Development projects, due to its complex nature, require a diverse mix
   of individuals who must be integrated into an effective project team;
   and this should not be confused with bringing together a group of indi-
   viduals to work on the team. The difference between a group and a
   team is in how their level of work dynamics has an impact on the overall
   project performance. Gathering a number of individuals together in a
   group is the easy part; but it requires the use of special skills, new atti-
   tudes and a strong commitment to turn those individuals into an effec-
   tive team.

   A team approach is a distinctive way of working that harnesses the col-
   lective skills, strengths, and energy of team members. Teamwork leads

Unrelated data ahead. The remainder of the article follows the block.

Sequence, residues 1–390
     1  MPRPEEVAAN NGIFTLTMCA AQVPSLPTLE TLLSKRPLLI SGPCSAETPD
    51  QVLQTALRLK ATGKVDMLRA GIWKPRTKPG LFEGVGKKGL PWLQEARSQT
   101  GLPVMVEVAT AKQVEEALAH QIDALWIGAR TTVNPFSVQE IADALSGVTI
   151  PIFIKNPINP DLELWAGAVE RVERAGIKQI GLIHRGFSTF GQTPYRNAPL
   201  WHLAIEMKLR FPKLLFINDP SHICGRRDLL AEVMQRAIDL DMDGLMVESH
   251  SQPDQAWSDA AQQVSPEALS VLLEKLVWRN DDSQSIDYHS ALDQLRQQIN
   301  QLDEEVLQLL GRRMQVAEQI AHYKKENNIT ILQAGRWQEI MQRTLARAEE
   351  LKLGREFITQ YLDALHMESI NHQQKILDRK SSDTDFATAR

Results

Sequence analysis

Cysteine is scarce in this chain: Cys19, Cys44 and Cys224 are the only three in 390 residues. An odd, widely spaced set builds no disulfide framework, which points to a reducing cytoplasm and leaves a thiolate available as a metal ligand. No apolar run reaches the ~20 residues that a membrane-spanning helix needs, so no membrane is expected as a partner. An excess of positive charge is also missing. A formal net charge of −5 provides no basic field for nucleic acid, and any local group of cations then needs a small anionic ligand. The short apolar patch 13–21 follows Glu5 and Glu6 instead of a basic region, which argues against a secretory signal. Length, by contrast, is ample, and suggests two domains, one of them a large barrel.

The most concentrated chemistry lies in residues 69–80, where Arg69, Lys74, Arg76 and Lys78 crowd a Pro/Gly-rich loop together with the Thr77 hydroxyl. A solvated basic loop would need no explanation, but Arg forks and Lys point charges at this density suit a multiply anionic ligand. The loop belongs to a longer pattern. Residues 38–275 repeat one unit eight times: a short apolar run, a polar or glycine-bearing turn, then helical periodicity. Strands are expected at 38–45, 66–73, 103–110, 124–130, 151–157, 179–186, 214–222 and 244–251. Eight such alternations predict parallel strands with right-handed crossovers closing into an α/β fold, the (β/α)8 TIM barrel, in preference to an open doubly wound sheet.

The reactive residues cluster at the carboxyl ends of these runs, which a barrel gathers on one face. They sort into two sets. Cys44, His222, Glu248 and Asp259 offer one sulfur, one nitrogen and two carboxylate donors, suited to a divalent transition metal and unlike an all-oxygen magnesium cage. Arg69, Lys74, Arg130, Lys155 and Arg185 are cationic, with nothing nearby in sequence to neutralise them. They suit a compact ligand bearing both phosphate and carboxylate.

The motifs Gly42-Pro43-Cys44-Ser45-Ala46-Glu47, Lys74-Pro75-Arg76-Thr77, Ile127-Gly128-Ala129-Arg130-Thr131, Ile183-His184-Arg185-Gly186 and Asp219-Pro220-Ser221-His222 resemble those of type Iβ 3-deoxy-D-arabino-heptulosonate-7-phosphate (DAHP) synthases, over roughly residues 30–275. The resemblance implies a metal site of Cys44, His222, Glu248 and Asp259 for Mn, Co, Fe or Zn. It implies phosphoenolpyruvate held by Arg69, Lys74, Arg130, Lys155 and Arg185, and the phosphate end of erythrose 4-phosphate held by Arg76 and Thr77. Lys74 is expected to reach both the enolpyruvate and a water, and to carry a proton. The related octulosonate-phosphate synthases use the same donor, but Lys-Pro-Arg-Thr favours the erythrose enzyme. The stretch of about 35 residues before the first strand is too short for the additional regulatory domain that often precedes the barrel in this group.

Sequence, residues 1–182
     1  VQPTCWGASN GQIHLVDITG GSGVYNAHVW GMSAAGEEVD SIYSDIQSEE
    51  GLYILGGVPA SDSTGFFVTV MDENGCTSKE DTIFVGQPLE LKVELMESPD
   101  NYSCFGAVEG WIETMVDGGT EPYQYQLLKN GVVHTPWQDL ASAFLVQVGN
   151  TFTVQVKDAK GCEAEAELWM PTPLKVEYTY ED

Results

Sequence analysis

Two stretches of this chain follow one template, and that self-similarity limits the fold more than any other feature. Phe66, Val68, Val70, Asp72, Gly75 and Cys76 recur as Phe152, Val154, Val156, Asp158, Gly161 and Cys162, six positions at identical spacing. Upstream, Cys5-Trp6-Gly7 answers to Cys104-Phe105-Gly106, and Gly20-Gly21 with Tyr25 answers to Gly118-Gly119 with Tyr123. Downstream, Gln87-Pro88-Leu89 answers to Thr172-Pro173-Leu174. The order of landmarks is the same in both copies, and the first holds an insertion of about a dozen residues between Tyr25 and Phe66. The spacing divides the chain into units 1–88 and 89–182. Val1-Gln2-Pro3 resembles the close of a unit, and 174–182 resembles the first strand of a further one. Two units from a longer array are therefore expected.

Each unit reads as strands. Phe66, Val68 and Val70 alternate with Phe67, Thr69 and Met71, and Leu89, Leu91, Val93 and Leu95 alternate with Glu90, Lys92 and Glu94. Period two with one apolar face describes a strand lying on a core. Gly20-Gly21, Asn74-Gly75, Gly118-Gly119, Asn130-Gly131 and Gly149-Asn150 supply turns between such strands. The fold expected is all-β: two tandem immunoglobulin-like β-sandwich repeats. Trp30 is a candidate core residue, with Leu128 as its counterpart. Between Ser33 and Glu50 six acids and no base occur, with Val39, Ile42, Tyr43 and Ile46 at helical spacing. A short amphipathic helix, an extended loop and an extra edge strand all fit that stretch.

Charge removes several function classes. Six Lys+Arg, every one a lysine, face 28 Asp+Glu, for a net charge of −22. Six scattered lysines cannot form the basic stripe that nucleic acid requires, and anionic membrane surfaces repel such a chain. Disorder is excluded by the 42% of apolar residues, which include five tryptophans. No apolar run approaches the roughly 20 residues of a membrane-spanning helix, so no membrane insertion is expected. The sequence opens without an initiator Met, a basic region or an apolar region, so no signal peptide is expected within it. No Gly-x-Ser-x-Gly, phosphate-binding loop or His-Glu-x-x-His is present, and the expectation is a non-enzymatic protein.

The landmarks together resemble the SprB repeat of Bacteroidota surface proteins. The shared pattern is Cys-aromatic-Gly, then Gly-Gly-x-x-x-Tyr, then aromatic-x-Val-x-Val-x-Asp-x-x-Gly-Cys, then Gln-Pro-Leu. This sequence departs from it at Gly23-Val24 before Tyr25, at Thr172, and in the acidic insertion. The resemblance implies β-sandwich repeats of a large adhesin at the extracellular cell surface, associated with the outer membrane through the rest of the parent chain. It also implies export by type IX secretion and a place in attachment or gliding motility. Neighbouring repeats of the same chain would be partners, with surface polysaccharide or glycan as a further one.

to synergy and improves performance of everyone. A team is a group of
   people, but all groups do not qualify as teams. A team is a group of
   people who work interdependently, who are committed to common
   goals, and who produce high quality results.

                  The Project Team                                                              Page |4

                      These series of articles focuses on concepts and practices related to development
                      projects. It is our hope that the ideas and methodologies presented here prove useful
                      to anyone who is engaged in managing projects in the broader development communi-
                      ty, and helps bring sustainable benefits to the communities and beneficiaries who need
                      it the most.

                                                                                     The Millennium Devel-